# Homework Help: Proving this algebra question!

1. Jun 9, 2013

### sam300

Hey guys, I am quite new to this forum, and just encountered this seemingly simple problem but still was not successful in solving it.

If,

$$\frac{x^2}{y^2}+\frac{y^2}{z^2}+\frac{z^2}{x^2}=\frac{x}{y}+\frac{y}{z}+\frac{z}{x}$$

then prove that,

$$x=y=z$$

where x,y and z are real numbers.

I tried everything I could from basic identities to substituting x=a+y and x=b+z which one of my friend suggested but no luck yet.
The 'prove that' part seems obvious but I cannot make out how to write a proof.

I have been thinking and trying different ways to solve this for past 3 hours.
I would appreciate if you guys can help me out with this.

Last edited: Jun 9, 2013
2. Jun 9, 2013

### Integral

Staff Emeritus
Try rearranging to look like this:

$$\frac{x^2}{y^2}-\frac{x}{y}+\frac{y^2}{z^2}-\frac{y}{z}+\frac{z^2}{x^2}-\frac{z}{x}=0$$

Now think about how this could be true.

This is a homework style question, should have been posted in the homework forum. I am moving it there. You need to show us some effort.

3. Jun 9, 2013

### sam300

Hmm, if we pair the terms like this,
$$(\frac{x^2}{y^2}-\frac{x}{y})+(\frac{y^2}{z^2}-\frac{y}{z})+(\frac{z^2}{x^2}-\frac{z}{x})=0$$
We can see that $$\frac{x^2}{y^2}≥\frac{x}{y}$$
even if x or y are negative
that implies,
$$\frac{x^2}{y^2}-\frac{x}{y}$$
will either be positive or zero.
But if either of the pairs is positive then sum cannot be zero.
Therefore, $$\frac{x^2}{y^2}-\frac{x}{y}=0$$
which further implies $$\frac{x^2}{y^2}=\frac{x}{y}$$
which will give $$x=y$$ and eventually $$x=y=z$$

Is this correct or I am going wrong somewhere?

4. Jun 9, 2013

### Office_Shredder

Staff Emeritus

x=1, y=2?

5. Jun 9, 2013

### sam300

Oh, yea, then how else do I solve that?

Last edited: Jun 10, 2013
6. Jun 9, 2013

### Ray Vickson

You have an equation of the form $t_1 + t_2 + t_3 = 0,$ where
$$t_1 = \frac{x^2}{y^2} - \frac{x}{y}, \: t_2 = \frac{y^2}{z^2} - \frac{y}{z}, \: t_3 = \frac{z^2}{x^2} - \frac{z}{x}$$
There are several cases:
(1) All three t_i equal zero.
(2) One of the t_i = 0, one is > 0 and one is < 0.
(3) Two of the t_i are > 0 and one is < 0 (or two are < 0 and one is > 0).
Look at what happens in each case.

7. Jun 9, 2013

### CAF123

Is it a correct observation to note that $t_1, t_2, t_3$ are roots of a cubic polynomial with a zero x^2 coefficient? (not that I can see how(or even if) this helps be it the case).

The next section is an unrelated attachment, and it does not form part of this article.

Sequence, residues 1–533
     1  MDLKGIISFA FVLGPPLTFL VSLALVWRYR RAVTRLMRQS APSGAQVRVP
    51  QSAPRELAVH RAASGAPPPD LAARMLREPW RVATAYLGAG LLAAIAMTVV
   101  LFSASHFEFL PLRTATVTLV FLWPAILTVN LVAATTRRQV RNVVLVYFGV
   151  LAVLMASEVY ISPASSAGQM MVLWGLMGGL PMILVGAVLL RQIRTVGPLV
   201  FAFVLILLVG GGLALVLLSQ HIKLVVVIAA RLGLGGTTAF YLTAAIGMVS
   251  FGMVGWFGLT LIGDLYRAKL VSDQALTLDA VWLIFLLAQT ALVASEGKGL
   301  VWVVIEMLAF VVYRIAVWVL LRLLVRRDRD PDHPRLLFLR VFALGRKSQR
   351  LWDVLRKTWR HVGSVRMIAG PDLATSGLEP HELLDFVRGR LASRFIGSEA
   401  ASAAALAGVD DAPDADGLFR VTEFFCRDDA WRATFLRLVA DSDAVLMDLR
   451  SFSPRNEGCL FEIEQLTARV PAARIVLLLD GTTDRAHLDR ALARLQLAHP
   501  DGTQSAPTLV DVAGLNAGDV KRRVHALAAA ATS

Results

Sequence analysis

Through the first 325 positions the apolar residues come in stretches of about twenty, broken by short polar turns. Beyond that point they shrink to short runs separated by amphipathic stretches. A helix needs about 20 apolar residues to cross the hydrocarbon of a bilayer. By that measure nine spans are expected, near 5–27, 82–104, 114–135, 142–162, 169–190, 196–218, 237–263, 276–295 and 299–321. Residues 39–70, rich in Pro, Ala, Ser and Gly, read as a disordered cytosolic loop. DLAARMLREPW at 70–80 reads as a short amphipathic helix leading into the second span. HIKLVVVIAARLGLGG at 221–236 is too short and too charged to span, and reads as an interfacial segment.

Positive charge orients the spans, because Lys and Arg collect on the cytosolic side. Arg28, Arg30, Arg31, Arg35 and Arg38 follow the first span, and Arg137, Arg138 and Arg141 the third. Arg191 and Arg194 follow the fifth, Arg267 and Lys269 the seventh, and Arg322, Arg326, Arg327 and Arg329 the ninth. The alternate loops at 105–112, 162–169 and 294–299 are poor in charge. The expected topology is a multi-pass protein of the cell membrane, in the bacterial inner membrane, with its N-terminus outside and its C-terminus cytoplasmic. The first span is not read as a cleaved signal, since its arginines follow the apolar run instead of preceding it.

8. Jun 9, 2013

### sam300

I don't think that will get me anything, case (2) and (3) can be zero sometimes or sometimes it may not.
I don't see how we can prove that in case (2) and (3) $t_1 + t_2 + t_3 ≠ 0,$

9. Jun 10, 2013

### Ray Vickson

What are you talking about? You are told that t_1 + t_2 + t_3 = 0. So, can you have that and cases (2) or (3) as well (remembering also the very special forms of the t_i)? You need to sit down and work it out carefully; don't just "guess".

10. Jun 10, 2013

### sam300

well, I thought I needed to prove t_1 = t_2= t_3 = 0 to get x/y=x^2/y^2 which will get me x=y
and to get that I need to rule out case (2) and (3) as a possibility.
But you seem to be saying something else. Okay, let me think.

11. Jun 10, 2013

### Ray Vickson

No, no, no. I am not saying that cases (2) or (3) can occur; however, we need to have some good reasons to eliminate them. One way would be to get a contradiction: assume case (2) and find out eventually that this leads to something going wrong. Ditto for case (3).

12. Jun 10, 2013

### sam300

Well I tried that and got inequalities like
$$\frac{x}{y}>=\frac{x^2}{y^2}$$

but simplifying them isn't getting me anywhere. Or maybe I did not get the thing required to find case (2) and (3) invalid.
Sorry, I'm not good at simplifying inequalities of variables.

13. Jun 11, 2013

### haruspex

Just checking... the RHs is definitely correct, yes?
$$\frac{x^2}{y^2}+\frac{y^2}{z^2}+\frac{z^2}{x^2}=\frac{x}{y}+\frac{y}{z}+\frac{z}{x}$$
It isn't, perhaps,
$$\frac{x^2}{y^2}+\frac{y^2}{z^2}+\frac{z^2}{x^2}=\frac{y}{x}+\frac{z}{y}+\frac{x}{z}$$
?
I ask because that seems much easier!

14. Jun 11, 2013

### sam300

RHS is correct? ofc it is correct, the first equation is given to be true.
And I don't see how I could show eqn (2) to be incorrect.
And even if it is incorrect, how should help in proving?
Can you explain a bit in detail? I did not quite get you.

15. Jun 11, 2013

### Ray Vickson

He is asking you whether you might have copied down the original problem incorrectly, because the one you wrote is harder than the one he wrote.

16. Jun 11, 2013

### sam300

Oh, okay, no I 'm sure I wrote down the problem correctly.

I think I found a another method, but it requires a,b,c>0, can that be proved somehow?